For all parties:
- General Instructions
- All of the above
- Teaching Note
Anchoring; Attorney/Client relations; Authority; BATNA; Constituents; Fairness; Interests, dovetailing; Lawyering; Legitimacy; Meaning of “success”; Misrepresentation; Objective criteria; Offers, first; Options, generating; Pareto optimization; Precedents; Risk aversion; Risk perception; Systems of negotiation
Sally Soprano II Attributes
- Time required:
- 30 minutes – 1 hour
- Number of participants:
- Teams involved:
- Agent present:
- Neutral third party present:
- Teaching notes available:
- Non-English version available:
- Spanish, Swedish
PON Teaching Negotiation Resource Center
Soft copy vs. hard copy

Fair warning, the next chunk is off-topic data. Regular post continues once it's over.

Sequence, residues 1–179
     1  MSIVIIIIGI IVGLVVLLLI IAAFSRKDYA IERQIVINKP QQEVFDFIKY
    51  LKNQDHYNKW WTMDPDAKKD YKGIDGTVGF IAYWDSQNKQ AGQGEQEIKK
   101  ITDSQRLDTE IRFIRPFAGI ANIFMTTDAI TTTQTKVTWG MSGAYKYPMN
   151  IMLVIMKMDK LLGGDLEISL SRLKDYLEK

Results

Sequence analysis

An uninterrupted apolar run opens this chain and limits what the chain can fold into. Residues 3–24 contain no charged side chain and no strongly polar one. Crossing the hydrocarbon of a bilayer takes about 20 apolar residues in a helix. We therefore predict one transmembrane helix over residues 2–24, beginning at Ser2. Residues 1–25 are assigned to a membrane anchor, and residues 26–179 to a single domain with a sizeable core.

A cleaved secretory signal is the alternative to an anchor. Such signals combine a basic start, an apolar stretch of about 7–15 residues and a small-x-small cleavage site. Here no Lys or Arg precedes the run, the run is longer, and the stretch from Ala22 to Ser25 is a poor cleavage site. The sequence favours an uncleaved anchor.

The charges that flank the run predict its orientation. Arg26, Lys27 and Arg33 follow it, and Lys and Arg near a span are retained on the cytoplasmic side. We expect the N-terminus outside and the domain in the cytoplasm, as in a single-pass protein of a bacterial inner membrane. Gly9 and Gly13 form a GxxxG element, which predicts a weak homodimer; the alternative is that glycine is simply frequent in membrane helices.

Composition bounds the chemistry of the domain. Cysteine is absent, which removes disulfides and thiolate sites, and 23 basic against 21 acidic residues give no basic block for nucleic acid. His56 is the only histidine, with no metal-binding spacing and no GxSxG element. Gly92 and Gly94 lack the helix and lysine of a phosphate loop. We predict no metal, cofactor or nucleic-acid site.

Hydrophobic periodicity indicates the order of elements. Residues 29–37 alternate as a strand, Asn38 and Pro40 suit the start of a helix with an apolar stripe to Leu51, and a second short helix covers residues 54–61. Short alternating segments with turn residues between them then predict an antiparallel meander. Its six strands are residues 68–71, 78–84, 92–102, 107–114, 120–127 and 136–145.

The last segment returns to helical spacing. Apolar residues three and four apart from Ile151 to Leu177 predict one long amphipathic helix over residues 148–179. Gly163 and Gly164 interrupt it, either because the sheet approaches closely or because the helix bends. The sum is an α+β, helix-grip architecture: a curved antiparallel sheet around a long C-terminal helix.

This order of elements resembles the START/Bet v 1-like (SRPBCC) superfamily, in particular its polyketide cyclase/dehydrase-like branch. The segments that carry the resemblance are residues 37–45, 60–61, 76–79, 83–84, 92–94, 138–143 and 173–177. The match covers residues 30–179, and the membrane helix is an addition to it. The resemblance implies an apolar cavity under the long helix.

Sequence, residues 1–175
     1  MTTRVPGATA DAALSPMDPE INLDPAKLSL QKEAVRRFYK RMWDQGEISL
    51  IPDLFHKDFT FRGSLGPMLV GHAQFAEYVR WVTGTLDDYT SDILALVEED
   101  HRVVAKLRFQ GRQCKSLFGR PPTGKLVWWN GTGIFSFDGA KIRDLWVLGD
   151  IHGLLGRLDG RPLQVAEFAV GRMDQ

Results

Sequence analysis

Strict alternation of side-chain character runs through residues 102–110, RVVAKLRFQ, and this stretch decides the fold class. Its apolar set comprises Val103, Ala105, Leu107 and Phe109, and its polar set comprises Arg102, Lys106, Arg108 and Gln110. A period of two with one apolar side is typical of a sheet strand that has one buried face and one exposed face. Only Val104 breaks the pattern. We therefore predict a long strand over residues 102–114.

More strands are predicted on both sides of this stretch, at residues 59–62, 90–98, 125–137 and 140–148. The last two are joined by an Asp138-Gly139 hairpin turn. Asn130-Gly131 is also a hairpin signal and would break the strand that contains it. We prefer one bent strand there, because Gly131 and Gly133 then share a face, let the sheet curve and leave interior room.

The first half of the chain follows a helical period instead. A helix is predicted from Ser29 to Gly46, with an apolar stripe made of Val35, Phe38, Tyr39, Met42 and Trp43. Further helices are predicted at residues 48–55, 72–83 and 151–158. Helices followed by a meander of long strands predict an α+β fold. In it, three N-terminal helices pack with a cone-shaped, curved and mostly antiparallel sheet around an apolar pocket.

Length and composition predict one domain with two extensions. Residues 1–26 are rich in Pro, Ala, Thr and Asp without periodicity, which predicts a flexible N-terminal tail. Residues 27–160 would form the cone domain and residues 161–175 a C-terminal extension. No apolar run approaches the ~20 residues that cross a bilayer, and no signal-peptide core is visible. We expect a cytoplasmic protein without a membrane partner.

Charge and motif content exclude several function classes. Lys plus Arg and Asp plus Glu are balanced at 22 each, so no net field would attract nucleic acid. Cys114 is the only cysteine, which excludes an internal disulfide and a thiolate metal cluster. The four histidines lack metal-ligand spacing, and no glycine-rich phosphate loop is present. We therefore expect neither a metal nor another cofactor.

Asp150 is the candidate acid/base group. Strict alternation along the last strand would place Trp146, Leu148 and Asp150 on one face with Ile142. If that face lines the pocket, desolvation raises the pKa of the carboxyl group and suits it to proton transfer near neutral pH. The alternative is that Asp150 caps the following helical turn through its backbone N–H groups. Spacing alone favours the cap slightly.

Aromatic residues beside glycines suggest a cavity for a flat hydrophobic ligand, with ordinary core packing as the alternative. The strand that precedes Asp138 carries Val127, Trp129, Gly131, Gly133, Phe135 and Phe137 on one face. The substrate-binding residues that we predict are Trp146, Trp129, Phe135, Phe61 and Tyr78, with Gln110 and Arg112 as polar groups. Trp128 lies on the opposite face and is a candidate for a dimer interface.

You may order this role simulation in either soft copy (electronic) or hard copy (paper) format. If you select the soft copy option, you will receive an e-mail with a URL (website address) from which you may download an electronic file in Adobe Acrobat PDF format. You will have one week to download your materials from when you receive the email. You are then only authorized to use, print, or share the materials as many times as the number of copies you purchase. The TNRC charges for use of this simulation on a per-participant basis. Therefore, you must purchase a separate copy of this simulation for each person who will be participating, regardless of the number of roles in the simulation. You will only receive a link to one electronic file, which includes all general instructions, confidential instructions, and any teaching notes for the simulation. You should separate out the instructions before distributing to participants.